Consider the linen suit, pt. 1

The linen suit. The linen. Suit. Few get-ups have a reputation more stained than the linen suit. This is an unfortunate thing, but not an entirely undue one. Some stains, see, are there for very good reason.

Best not dwell on what has gone before. True, the linen suit hasn’t always kept the best company, and like all of us, it has made mistakes, but the motion tabled here is this: there is nothing much wrong with the linen suit, and there is very much that is right about it.

Linen blazer, worn with grey Irish linen Kelly collar shirt.

The case for the linen suit will be made by taking each term in turn. First up: linen. Good linen is plainly the basis for any effort to undo past damage done. Hardy, stouthearted linen; linen of a respectable weight, made by a mill in Lancashire, north-west England, and packed with characterfully multifarious tones and hues. It should be linen that can, at least figuratively speaking, stand up for itself; linen miles apart from the flimsy and the floaty and if you’re unlucky the slightly see-through. It should be linen made better by a good, softening wash, when it affects a slightly crumpled gait.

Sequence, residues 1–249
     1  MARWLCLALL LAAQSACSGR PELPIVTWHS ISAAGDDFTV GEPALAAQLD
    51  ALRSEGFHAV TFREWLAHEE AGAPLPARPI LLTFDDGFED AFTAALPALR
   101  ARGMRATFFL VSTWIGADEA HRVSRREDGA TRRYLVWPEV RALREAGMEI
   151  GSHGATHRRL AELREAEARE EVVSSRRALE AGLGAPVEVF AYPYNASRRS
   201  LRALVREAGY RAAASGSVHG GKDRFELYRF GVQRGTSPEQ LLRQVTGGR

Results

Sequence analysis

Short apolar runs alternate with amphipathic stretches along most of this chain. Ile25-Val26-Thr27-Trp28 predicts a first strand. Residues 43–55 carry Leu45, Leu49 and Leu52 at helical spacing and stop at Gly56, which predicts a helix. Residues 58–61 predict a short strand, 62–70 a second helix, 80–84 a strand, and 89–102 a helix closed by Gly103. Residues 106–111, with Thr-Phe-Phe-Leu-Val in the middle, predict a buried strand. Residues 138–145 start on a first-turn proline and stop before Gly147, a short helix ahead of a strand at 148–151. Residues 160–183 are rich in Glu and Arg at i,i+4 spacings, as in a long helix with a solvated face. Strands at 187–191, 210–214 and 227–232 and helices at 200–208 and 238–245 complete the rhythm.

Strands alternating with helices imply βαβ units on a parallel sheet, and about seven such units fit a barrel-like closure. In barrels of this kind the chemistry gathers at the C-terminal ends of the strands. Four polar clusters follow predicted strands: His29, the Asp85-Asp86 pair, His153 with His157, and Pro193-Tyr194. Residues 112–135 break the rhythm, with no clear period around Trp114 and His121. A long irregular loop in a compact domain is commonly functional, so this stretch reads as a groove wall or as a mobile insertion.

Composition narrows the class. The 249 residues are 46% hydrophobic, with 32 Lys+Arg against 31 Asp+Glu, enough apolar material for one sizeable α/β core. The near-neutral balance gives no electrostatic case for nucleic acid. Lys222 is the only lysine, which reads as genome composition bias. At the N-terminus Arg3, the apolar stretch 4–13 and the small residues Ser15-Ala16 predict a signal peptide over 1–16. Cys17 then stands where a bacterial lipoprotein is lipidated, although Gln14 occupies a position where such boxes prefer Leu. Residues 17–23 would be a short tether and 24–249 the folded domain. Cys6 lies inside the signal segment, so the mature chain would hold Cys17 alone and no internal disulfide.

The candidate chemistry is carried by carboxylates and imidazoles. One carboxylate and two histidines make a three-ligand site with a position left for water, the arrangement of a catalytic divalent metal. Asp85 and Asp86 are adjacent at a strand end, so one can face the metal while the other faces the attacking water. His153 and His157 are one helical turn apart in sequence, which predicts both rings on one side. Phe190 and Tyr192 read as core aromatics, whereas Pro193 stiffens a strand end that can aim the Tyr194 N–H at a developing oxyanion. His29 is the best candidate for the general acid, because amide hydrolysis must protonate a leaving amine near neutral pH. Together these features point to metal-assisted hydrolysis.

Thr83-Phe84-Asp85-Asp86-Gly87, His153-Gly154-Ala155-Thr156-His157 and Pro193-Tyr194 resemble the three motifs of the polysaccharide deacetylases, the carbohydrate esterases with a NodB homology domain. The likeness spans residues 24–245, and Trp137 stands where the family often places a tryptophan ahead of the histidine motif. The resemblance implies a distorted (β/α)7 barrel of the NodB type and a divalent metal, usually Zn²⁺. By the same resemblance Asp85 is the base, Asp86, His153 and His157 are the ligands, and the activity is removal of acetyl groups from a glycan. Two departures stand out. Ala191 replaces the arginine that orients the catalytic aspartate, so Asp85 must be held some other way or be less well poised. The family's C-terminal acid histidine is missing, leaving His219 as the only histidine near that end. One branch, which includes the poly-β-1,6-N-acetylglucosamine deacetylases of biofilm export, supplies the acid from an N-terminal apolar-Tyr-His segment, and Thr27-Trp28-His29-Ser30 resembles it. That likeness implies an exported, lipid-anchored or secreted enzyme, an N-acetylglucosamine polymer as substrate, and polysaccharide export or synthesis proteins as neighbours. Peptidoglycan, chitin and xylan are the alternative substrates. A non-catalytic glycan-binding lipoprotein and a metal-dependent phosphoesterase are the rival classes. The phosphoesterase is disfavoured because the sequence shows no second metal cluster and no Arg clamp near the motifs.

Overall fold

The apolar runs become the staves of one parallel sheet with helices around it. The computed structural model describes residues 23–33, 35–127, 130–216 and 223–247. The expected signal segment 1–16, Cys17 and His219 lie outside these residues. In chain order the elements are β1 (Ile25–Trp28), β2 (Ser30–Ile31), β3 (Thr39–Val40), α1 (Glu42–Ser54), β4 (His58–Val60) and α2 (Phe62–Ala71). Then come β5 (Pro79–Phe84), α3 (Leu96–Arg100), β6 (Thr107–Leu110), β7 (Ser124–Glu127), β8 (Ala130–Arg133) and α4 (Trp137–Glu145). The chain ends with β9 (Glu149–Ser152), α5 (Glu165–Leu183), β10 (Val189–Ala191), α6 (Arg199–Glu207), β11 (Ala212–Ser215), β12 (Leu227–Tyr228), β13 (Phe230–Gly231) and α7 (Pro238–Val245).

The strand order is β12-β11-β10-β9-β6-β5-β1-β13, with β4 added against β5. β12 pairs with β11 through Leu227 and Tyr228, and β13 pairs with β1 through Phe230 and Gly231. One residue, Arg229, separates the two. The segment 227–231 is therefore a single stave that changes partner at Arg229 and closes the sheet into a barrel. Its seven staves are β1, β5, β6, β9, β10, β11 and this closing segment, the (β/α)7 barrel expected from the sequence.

Second: suit. Or rather, blazer and trouser. Good use of the linen described above would be cutting it into something unstructured, short, casual-looking. Top-stitching on the front edge, and on the collar and lapel — ideally small and gently rounded off — might help too. Large “up and under” patch pockets wouldn’t go amiss. Nor should be forgotten the oft-neglected notion that what goes on inside a garment is as important as the outside. And so the finish should be very clean: a clear off-white half-lining, cotton binding on every seam, and neat jet pockets that fasten with a small button and loop. Those buttons, incidentally, might well be horn — real horn, Midlands-made even, with a matte finish.

The trousers have a traditional — read slightly longer than normal — rise, and the legs start at a standard width and taper down to a narrow hem.

Trousers, adopting linen-ism wholesale or otherwise, should have a decently sized rise, with legs wider at top than bottom. On the waistband, pockets, and fly they should have the exact same horn buttons as the blazer — and, for full-on top-to-bottom cohesion, a small rounded notch at the centre back-seam which matches that of the blazer lapel, too.

Do that you’re very far indeed from the sort of linen suit that has, over the millennia, given the linen suit a bad rap. You’ve got a linen suit — or, if you’d prefer, a linen blazer and some linen trousers — that can be found in very limited quantities here and here.